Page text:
SGH’s emergency services have been at the forefront in saving lives during major crises befalling Singapore over the decades.
Singapore General Hospital’s (SGH) Department of Emergency Medicine began life as the nation’s first unit for emergency services in 1948.
Variously known as Casualty Services, Emergency and Outpatient Services, Emergency Unit, and Accident and Emergency or A&E over the years, it only became a full-fledged department in the 1980s, when it moved to its current premises at SGH Block 1. It was around the same time, in 1984, that Emergency Medicine was recognised by the Health Ministry as a medical specialty.
This is despite the important role it has played over the decades in saving lives during mass casualty events — the 1951 and 1964 race riots, the 1978 Spyros tanker explosion, the 1983 cable car disaster, and industrial explosions and fires both at home and in the region.
In the early days, the emergency service was staffed mainly by junior doctors and provided limited investigations, such as basic x-ray. The unit was a place where young doctors went to learn suturing from nurses. Today, the department is staffed by emergency medicine specialists, in tandem with changes in Singapore’s demographics and types of emergency.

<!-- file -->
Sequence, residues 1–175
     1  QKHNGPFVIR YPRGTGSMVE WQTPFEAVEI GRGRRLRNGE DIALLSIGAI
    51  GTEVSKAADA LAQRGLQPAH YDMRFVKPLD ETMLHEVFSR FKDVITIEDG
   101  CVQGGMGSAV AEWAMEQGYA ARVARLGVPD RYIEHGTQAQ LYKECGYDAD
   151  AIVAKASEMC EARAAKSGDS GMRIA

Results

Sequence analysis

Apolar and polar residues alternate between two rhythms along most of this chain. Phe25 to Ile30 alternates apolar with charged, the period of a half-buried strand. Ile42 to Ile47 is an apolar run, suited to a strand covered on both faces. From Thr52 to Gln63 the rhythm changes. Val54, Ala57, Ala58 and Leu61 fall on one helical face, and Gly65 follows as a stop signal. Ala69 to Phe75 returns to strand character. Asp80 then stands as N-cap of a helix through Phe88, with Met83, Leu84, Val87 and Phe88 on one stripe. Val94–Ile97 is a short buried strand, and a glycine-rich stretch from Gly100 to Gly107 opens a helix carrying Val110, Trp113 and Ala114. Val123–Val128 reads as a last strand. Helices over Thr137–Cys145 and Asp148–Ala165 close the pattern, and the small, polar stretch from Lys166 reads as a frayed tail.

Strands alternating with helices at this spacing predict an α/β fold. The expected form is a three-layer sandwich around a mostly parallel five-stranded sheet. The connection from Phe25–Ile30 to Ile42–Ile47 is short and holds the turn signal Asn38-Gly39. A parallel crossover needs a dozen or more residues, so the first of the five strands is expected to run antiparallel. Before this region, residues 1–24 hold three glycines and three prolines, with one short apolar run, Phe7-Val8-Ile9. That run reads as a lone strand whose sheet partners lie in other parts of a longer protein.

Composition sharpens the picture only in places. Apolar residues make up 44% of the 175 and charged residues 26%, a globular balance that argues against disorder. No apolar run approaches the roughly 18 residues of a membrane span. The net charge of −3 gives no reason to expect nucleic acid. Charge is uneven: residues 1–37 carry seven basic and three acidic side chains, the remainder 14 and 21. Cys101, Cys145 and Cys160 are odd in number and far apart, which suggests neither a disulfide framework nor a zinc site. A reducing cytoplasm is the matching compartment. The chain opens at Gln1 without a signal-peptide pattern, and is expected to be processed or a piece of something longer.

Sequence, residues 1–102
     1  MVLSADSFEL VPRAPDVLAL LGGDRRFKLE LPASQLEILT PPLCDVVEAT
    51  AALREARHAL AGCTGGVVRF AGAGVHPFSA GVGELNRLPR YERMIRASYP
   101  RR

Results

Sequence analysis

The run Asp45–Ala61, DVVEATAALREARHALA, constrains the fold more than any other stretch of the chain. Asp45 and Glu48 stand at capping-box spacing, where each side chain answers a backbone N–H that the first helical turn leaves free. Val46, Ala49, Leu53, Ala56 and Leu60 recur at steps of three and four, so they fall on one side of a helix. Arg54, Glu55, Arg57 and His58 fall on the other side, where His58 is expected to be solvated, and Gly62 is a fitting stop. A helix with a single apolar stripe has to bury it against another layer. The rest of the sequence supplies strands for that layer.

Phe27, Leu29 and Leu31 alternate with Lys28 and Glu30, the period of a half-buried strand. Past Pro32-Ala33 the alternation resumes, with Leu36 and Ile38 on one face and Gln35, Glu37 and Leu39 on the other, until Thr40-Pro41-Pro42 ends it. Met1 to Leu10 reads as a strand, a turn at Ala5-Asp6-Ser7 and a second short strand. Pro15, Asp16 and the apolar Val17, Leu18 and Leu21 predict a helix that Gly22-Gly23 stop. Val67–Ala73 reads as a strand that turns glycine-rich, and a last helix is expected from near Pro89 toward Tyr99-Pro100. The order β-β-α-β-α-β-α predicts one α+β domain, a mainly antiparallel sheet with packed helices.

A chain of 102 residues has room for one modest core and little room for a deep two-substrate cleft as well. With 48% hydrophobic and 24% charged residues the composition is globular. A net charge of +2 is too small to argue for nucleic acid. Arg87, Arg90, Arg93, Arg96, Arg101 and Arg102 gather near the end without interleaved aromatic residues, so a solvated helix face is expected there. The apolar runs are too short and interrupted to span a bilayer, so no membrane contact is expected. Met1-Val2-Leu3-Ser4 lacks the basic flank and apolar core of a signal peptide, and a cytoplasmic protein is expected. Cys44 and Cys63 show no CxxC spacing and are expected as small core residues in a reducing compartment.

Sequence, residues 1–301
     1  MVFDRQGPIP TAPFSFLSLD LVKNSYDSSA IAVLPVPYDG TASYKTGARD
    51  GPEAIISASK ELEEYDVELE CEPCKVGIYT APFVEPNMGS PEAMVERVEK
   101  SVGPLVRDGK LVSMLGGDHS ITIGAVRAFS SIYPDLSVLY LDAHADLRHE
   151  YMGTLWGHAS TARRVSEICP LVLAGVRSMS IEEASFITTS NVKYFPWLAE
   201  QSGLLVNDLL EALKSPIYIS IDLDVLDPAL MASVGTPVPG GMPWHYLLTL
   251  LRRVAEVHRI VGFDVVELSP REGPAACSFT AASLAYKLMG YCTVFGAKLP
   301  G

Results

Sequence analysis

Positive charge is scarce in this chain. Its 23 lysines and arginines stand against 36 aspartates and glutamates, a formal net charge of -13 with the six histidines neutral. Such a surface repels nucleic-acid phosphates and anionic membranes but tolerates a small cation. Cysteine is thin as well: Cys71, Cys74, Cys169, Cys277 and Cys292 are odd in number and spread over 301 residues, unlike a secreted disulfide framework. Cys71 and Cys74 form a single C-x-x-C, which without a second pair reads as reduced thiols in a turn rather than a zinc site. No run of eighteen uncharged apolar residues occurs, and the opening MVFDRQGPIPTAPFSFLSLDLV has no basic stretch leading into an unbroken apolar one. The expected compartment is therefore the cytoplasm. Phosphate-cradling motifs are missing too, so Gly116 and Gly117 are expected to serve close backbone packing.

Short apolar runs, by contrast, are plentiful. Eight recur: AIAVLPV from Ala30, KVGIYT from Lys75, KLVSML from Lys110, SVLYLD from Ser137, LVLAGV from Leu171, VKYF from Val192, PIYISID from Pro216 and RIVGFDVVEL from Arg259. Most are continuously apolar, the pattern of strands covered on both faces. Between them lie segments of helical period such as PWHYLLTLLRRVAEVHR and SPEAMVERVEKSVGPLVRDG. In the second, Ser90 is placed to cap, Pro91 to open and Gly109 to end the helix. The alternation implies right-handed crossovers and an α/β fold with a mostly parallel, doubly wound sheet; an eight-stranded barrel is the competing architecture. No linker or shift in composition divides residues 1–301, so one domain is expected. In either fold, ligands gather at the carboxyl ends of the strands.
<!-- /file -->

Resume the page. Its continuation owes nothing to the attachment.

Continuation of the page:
The needs and types of patients seen by emergency specialists have evolved over the years, with patient attendances increasing from about 64,000 in 1979 to more than 130,000 in 2017. Meanwhile, more elderly patients with complex and chronic conditions, such as cancer, stroke, heart disease and kidney problems, are being treated, partly as people are living longer due to advances in medical care. In 2017, 34 per cent of SGH emergency patients were 65 years and older, compared to 25 per cent in 2007.
Emergency Medicine will mark its next milestone when it moves to a new home in 2023. It will be vastly expanded, taking several floors of the new building, and will be close to the acute medical wards and pharmacy. There are also plans for an intervention suite for emergency coronary angiograms and neurology intervention procedures, which will allow for a quicker response to cardiac and neurological emergencies.
The new emergency facilities will be equipped with a larger and more advanced decontamination station for mass casualties in the event of industrial or terror incidents. As the building will
also be connected to the main SGH complex and its full range of diagnostic and interventional facilities, all capabilities at SGH and the national specialty centres on SGH Campus can be activated quickly to mount a concerted response in a national crisis. It will also be linked to the new Outram Community Hospital.